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A Bequia man was on Wednesday jailed for cocaine possession after a colourful trial in which he accused police of weighing together “ganja fudge” and cocaine they found at his house.

“It is very conclusive that you are guilty. I find you so guilty. Your evidence didn’t help you at all,” Chief Magistrate Rechanne Browne-Matthias told McArthur Leach, 36, of Port Elizabeth, Bequia, before sentencing him to six months in prison.

Leach was charged with possession of four grammes of cocaine.

The court heard that police officers were on their way to Leach’s house to execute a warrant on Dec. 29, 2016 when they met him in the street near his house.

Leach told the court that he was on his way to the Port Elizabeth Police Station, having been summoned there by police to give a statement in relation to a stolen item.

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He said he knew that his house was “clean” and, therefore, did not object to going back there with the police officers.

During the search, police found a white powdery substance in one room and a brown solid substance in another room. The substances were cocaine and amounted to four grammes, when they were weighed in Leach’s presence at the Port Elizabeth police station.

But while Leach did not deny that the cocaine was found at his property, he sought to suggest that it belonged to someone else, who he claimed was living at the house also.

He further disputed how much cocaine was actually found.

“They add a piece ah ganja fudge that they find in the fridge,” he volunteered.

Responding to a question from Delplesche, Leach said he could make anything from ganja, adding that the police know nothing about cocaine, and that the drug that they found was in fact two grammes in weight.

“I don’t know what kind ah scale they have they. Like they add the ganja fudge to it. I think that thing they find in the shine paper, which is milk, that can’t even add up to one gramme.

During cross examination by prosecutor, Adolphus Delplesche, Leach told the court that the police would come to his house from time to time to search for drugs and guns.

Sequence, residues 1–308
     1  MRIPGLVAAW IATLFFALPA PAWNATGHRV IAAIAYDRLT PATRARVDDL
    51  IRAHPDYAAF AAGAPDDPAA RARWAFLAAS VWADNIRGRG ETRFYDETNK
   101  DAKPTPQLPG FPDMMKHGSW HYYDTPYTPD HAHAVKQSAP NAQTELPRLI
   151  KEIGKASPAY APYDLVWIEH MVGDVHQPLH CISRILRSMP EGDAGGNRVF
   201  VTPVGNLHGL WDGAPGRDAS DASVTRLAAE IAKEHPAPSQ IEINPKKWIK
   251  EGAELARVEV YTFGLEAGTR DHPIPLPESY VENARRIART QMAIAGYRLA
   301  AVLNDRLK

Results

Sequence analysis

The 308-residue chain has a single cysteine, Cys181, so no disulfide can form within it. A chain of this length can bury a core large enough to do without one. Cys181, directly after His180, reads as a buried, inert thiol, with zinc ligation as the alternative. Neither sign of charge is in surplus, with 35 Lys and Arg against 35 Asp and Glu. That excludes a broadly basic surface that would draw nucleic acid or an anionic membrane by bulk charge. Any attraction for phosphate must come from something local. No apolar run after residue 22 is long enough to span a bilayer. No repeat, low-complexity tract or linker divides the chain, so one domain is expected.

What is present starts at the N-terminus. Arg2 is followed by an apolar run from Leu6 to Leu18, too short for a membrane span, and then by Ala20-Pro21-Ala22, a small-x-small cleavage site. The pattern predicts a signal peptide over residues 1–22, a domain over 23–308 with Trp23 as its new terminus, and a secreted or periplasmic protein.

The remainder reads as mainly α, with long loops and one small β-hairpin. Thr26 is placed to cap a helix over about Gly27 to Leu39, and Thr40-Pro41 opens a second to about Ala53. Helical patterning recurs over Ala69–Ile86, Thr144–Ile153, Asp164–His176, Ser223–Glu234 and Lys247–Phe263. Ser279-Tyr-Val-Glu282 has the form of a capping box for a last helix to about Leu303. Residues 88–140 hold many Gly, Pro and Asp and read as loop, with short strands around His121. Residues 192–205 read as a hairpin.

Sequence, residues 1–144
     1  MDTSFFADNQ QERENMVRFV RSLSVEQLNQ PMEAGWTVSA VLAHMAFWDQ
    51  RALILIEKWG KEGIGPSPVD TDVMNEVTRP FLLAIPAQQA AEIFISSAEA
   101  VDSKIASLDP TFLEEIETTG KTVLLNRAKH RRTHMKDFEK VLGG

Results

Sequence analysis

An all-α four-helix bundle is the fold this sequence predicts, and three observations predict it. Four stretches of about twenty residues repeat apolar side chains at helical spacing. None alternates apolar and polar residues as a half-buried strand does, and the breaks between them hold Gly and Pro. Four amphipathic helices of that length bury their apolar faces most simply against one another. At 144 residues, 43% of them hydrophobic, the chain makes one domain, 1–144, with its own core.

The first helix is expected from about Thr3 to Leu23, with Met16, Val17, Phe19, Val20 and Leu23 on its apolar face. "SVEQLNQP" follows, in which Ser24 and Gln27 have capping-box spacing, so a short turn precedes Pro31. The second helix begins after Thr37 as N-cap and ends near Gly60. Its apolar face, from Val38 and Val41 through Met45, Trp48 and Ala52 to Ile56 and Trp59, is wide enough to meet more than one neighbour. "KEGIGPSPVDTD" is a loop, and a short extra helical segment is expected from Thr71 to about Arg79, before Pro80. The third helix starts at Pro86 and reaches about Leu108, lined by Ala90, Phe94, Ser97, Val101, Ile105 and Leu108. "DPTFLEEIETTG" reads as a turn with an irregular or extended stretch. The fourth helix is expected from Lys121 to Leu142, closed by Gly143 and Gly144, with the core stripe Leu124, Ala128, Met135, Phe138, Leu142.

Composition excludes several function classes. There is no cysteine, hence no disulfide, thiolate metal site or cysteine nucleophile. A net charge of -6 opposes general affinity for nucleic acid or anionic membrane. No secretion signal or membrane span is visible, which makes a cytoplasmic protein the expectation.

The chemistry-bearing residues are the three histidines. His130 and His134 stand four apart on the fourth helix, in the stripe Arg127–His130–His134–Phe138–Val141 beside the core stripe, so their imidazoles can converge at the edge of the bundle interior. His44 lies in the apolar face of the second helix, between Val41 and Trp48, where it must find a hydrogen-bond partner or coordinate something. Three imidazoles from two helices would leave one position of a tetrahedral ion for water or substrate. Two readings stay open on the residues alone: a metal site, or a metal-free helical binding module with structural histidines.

“Are you a drug dealer?” Delplesche asked.

“I ain’t no drug dealer like how you say. Pharmacist is a drug dealer,” he said, but admitted, in response to a question from the prosecutor, that police had found cocaine on his person in the street before.

“You can’t know if I am a dealer or a smoker. That you will never get from me” he told Delplesche when pressed.

“You are a cocaine jumbie. I am putting it to you,” Delplesche retorted, noting the colloquial meaning of “cocaine jumbie” — a cocaine addict.

“I am a human being, whether a cocaine jumbie or not,” Leach said.

After he was found guilty, Leach asked the chief magistrate to impose a fine on him — “a little small thing.”

The magistrate asked the prosecution’s opinion and Delplesche said that Leach has five previous convictions for cocaine.

“It would appear that this is his way of life,” Delplesche said, adding that he has no mercy or discretion for persons guilty of gun and cocaine offences.

He told the chief magistrate that he was recommending a custodial sentence.

The magistrate pointed out to Leach his five previous convictions for cocaine, adding that he also has four other convictions for serious offences, but did not detail them.

Browne-Matthias said that cocaine is not grown locally and is not “local vegetation as some would say” — a reference to marijuana, which is also illegal in St. Vincent and the Grenadines.

She said she has low tolerance for cocaine offences, adding that she did not think that a fine would be appropriate.

After the six months imprisonment sentence was handed down, Leach muttered, “For four grammes of cocaine, your worship?”

Update: This story has been corrected to reflect the convicted man’s correct surname.